More protection was installed in the form of rubber covers for the engine cases. Looking very innocuous, the covers help protect against scratches from small spills. At the front wheel spindle, a pair of crash bungs were installed, which will do the job protecting the brake calipers and forks if the bike slides at high-speed.
On the swingarm, a pair of machined aluminium bobbins were placed to allow the use of a swingarm stand, useful for lubricating the chain and when the rear wheel needs removal. Which brings us to the two biggest changes made to our long-term test Street Triple R.
The first of these was the quick-shifter. The quick-shifter cuts the ignition momentarily when the rider shifts up on the gearshift, allowing for gears to be changed without the throttle having to be closed.
In the case of the Street Triple’s upshifter, an OEM from Triumph, there was no mismatch between the shifter and the bike’s engine and gearbox, giving seamless gearchanges. Working in conjunction with the shift lights on the top of the instrument cluster, we found our quickshifter equipped Triple to be highly entertaining, especially at traffic light drag races, and for very, very quick take-offs and overtaking.
The second of the big changes is actually the biggest, the addition of an Arrow slip-on exhaust. Many riders change the exhaust on their bikes, in a quest to save weight and gain power.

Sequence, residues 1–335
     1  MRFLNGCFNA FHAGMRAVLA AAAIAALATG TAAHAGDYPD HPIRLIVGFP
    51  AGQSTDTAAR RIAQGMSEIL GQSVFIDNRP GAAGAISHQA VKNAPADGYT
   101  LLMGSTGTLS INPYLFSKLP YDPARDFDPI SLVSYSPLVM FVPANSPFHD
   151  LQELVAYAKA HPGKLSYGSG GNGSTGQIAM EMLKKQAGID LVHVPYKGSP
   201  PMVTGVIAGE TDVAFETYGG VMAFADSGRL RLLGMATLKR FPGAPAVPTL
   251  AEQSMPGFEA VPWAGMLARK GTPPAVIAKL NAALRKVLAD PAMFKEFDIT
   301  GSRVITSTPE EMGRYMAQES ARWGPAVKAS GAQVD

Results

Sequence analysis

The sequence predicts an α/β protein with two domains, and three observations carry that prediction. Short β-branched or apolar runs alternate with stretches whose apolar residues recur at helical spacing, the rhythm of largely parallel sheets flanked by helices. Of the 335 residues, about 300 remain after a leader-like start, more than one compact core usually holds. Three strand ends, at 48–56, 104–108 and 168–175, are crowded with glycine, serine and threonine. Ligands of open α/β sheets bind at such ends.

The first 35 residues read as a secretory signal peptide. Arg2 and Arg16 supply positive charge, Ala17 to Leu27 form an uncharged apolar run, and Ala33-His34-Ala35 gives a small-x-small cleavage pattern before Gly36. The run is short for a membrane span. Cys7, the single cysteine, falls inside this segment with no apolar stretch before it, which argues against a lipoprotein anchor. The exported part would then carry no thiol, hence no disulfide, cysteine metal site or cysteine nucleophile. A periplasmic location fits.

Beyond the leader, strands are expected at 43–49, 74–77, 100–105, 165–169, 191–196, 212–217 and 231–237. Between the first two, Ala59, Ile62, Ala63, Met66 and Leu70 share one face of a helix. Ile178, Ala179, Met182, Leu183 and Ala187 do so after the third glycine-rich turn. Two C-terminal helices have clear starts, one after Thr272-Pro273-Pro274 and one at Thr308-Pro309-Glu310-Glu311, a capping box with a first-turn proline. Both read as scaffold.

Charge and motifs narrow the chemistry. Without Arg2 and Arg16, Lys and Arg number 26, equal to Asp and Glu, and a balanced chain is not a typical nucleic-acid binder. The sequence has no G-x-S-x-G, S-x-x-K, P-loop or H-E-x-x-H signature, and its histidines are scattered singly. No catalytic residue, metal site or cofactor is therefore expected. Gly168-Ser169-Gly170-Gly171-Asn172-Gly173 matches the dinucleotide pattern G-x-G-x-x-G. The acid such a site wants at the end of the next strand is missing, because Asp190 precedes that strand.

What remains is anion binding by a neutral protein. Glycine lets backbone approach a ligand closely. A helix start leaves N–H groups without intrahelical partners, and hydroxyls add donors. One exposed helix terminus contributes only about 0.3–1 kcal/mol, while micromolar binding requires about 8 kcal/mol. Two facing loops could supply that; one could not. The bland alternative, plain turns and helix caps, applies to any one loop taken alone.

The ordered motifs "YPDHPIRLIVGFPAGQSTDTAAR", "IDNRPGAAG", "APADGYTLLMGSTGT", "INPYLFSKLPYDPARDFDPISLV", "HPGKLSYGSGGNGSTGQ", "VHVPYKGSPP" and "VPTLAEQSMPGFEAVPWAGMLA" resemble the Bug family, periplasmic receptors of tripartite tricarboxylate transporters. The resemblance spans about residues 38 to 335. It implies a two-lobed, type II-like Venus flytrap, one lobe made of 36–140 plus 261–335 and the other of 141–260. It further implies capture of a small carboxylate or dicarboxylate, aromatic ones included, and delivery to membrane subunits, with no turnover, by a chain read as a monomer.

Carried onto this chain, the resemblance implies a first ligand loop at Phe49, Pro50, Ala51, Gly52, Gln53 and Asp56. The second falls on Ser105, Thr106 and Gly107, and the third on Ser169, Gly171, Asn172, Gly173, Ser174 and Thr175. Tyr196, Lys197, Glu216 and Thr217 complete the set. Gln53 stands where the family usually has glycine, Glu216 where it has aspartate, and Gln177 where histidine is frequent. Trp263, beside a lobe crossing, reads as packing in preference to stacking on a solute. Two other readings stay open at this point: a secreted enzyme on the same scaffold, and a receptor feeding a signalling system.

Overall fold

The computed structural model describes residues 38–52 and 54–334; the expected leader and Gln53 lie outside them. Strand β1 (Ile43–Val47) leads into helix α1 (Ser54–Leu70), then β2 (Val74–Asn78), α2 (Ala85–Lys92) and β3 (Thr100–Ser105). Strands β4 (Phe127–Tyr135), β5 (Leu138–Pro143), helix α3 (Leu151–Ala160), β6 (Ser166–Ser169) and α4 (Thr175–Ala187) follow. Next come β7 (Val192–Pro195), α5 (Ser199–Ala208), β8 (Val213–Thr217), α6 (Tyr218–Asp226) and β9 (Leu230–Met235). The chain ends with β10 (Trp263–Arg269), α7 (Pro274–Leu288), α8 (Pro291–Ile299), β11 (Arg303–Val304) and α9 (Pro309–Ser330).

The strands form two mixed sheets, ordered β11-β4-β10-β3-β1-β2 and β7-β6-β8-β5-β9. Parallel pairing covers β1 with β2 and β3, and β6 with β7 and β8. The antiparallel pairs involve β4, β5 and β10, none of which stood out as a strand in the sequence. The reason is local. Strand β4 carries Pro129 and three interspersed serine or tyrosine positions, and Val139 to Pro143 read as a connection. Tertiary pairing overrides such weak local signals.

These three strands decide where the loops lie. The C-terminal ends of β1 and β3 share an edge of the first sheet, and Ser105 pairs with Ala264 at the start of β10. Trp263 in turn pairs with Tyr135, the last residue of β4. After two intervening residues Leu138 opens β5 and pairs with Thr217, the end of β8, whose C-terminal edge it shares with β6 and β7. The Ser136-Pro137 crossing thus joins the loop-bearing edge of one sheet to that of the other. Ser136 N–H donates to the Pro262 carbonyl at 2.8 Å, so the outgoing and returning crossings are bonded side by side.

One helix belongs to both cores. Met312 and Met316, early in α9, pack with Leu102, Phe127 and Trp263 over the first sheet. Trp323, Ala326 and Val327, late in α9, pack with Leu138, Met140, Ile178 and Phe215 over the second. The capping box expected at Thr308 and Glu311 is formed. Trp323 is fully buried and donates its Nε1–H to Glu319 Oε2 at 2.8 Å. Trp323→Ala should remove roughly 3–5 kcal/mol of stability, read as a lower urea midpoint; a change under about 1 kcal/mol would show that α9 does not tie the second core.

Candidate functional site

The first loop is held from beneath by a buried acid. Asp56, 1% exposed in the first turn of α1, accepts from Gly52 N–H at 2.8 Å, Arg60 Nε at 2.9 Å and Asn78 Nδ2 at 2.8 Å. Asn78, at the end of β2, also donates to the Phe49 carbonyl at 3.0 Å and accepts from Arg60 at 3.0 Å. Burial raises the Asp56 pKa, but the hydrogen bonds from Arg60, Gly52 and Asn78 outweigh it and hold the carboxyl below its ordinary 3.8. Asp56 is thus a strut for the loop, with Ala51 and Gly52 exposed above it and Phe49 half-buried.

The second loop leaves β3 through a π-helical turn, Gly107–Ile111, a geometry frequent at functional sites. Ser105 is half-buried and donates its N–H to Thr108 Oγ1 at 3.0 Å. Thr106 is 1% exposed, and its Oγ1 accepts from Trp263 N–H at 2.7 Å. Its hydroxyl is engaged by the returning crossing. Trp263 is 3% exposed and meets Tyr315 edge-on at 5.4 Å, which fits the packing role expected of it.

There is also the added benefit of the Schräge Musik that emanates from a less restrictive exhaust, especially on a multi-cylinder motorcycle. In the case of the Street Triple R, its inline three-cylinder engine makes a noise that is very unique.
While V-twins rumble like thunder, and four-cylinders howl, a triple makes this unique bark on the throttle blip. There were times, inside a tunnel, the throttle on the Street Triple was gunned, just for the enjoyment of the that resounding bark.
A side effect of an after-market end-can, like the Arrow, is the liberation of a few extra horsepower. The amount usually isn’t much, and we had no access to a dyno for a empirical test, but, suffice it to say, the Street Triple had a little more urge to it, especially in the mid-range roll-on.
This made overtaking much easier, with the throttle just needing to be snapped open for the revs to build. Even at very low throttle openings and in high gears, there was very little stumbling or bogging in the engine as bells were rung for more speed.
As we spend more time with the 2016 Triumph Street Triple 675R, we are starting to explore all the little niches where it does well, and it performs as demanded despite all we threw at it, and we are riding this middle-weight hard.
For more on what this three-cylinder naked sportsbike has endured at our hands, check in next month for the next instalment in our long-term review of the 2016 Triumph Street Triple 675R.
In the meantime, if you want to check out the Street Triple R for yourself, head over to Triumph Malaysia’s flagship store in Section 13, Petaling Jaya, where Triumph is having its Try-Day weekend.